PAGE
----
Transdermal magnesium

Despite all the efforts of manufacturers, the bioavailability of magnesium from food additives remains quite low. Hence the idea of delivering it to the body in other ways. For example, through the skin.

Creams and sprays

And gels, soaps, oils, and lotions, mainly with magnesium chloride (it is in second place in magnesium concentration after oxide – 30%). The American naturopath Norman Shealy was the first to talk about its effectiveness. In 2005, he published a comparative table, from which it followed that by rubbing a cream with magnesium into the skin, it is possible to fill the deficit much faster than with food additives (in a month and a half, not six months). This study is usually meant when it is repeated like a mantra that magnesium is absorbed better through the skin. The problem is that there is no research. Only a summary with conclusions is available, and several verification tests with animals and people did not confirm them. The author rubbed not only magnesium. So, in a great review of current research on this topic, transdermal use is not recommended.

Magnesium baths

This practice has its roots in the XVIII century when a resort with unusual mineral water — a natural solution of “English salt” (magnesium sulfate) was opened in the English town of Epsom. Now, this mixture is attributed to various healing properties. It helps relax and lose weight, relieves pain, and “removes toxins” from the most toxic. But initially, everyone thought that it just had a laxative effect, which is closer to the truth. Taking capsules or tablets with magnesium sulfate sometimes causes diarrhea.

The only study of the effects of magnesium baths was conducted in England, with 19 students from the University of Birmingham. They lay for 12 minutes a day in a solution of magnesium sulfate (1g/100 ml) at a temperature of up to 55 degrees. At the end of the study, the magnesium concentration in the blood of most subjects increased, although slightly. It did not affect their health in any way. But the questions remained unanswered.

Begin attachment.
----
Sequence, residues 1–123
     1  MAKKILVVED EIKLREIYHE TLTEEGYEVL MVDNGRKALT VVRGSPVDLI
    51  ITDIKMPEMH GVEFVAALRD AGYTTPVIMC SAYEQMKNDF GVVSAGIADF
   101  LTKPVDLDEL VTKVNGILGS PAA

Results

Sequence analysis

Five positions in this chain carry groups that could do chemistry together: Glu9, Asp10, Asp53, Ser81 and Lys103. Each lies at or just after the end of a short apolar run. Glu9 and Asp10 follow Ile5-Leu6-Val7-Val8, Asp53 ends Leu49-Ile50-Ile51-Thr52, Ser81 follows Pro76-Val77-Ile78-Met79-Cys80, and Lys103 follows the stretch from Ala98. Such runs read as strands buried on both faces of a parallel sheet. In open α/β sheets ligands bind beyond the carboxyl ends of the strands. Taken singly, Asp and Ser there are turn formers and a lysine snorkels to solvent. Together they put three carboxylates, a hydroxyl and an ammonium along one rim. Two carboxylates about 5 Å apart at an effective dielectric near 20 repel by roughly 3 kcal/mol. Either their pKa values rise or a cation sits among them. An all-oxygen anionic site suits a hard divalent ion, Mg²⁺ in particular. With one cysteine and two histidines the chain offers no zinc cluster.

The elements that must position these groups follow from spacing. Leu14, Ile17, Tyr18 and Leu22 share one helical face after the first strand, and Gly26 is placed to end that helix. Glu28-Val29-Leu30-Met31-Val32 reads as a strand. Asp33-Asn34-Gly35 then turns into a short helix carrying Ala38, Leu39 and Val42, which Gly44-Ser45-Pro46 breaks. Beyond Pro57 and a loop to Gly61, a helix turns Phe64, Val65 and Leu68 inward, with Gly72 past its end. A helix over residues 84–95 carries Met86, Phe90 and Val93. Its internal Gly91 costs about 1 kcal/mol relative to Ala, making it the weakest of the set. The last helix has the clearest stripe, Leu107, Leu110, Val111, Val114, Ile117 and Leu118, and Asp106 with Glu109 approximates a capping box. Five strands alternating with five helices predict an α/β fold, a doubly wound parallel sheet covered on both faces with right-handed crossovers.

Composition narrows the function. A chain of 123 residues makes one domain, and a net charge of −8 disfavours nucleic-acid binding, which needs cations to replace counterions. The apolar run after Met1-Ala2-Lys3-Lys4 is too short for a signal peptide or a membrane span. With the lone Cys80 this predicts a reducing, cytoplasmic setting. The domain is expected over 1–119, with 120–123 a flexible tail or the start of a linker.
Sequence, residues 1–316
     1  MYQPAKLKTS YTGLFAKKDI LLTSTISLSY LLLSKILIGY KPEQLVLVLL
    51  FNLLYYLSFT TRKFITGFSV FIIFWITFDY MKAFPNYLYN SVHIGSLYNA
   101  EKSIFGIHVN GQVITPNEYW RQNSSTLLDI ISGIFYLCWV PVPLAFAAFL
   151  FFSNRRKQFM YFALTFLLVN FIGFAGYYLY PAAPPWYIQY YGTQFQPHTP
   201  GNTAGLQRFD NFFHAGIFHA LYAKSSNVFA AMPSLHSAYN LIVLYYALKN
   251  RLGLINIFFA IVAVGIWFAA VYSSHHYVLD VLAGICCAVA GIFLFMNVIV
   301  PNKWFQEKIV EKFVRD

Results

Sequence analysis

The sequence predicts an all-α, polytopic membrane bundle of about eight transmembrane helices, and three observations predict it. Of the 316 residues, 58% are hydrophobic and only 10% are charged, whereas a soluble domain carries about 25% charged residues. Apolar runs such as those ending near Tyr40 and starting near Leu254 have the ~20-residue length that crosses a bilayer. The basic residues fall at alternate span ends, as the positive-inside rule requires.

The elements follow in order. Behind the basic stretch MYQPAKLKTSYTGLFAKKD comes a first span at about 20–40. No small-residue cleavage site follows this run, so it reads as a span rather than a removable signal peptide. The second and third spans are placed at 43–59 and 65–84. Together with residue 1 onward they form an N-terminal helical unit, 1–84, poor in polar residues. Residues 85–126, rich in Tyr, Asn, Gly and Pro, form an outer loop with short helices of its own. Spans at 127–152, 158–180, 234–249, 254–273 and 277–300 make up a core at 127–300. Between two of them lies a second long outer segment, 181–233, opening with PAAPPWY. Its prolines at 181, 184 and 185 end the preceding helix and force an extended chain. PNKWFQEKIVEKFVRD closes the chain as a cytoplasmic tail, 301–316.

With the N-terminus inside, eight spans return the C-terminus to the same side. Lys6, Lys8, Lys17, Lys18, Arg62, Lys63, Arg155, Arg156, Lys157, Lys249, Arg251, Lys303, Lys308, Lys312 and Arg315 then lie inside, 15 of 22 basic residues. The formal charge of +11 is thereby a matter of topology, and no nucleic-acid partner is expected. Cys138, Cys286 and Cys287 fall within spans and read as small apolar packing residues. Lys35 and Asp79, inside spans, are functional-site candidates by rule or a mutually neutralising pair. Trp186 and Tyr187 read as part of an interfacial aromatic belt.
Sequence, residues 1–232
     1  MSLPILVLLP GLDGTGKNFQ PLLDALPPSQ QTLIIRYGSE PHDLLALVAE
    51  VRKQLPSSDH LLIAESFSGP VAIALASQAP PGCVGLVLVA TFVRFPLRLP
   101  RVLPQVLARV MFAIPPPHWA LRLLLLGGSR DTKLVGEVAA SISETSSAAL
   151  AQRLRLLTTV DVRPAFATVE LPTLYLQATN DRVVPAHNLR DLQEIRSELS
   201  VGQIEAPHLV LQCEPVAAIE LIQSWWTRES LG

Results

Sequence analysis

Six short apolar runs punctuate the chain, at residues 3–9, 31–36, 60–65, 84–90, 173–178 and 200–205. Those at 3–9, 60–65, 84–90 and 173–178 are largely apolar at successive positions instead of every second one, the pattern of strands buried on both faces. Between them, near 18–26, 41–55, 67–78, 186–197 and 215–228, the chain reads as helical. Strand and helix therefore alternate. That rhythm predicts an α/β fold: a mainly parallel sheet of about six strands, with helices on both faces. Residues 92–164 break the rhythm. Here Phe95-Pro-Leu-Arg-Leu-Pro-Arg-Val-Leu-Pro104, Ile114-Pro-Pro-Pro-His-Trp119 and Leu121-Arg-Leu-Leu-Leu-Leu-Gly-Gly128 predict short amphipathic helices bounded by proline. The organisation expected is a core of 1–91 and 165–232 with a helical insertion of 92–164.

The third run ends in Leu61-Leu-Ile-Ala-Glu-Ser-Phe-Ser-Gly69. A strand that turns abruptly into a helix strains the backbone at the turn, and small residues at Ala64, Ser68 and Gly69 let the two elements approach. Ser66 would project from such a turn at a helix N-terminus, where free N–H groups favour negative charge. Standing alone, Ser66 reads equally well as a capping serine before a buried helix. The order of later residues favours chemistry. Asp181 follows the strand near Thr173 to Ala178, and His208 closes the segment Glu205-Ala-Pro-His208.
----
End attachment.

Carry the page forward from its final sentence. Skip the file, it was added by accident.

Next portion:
Magnesium molecules are small enough to penetrate the skin barrier. Magnesium ions marked with fluorescent markers are embedded in the upper layer of the skin, using the openings of the hair follicles as a loophole. But for cellular absorption of magnesium, special transport channels are needed, and there are none in the skin. How could magnesium get into the blood of students? There are several assumptions. The first is boring, but the most plausible: through the lungs with steam. The second is much more fun: due to the absorption of magnesium ions by the mucous membrane of the anus. In the same way, the body could assimilate alcohol from a hot bath. But, as Paul Ingram rightly points out, if you want to take magnesium (or alcohol), it is nicer and easier to do it through your mouth.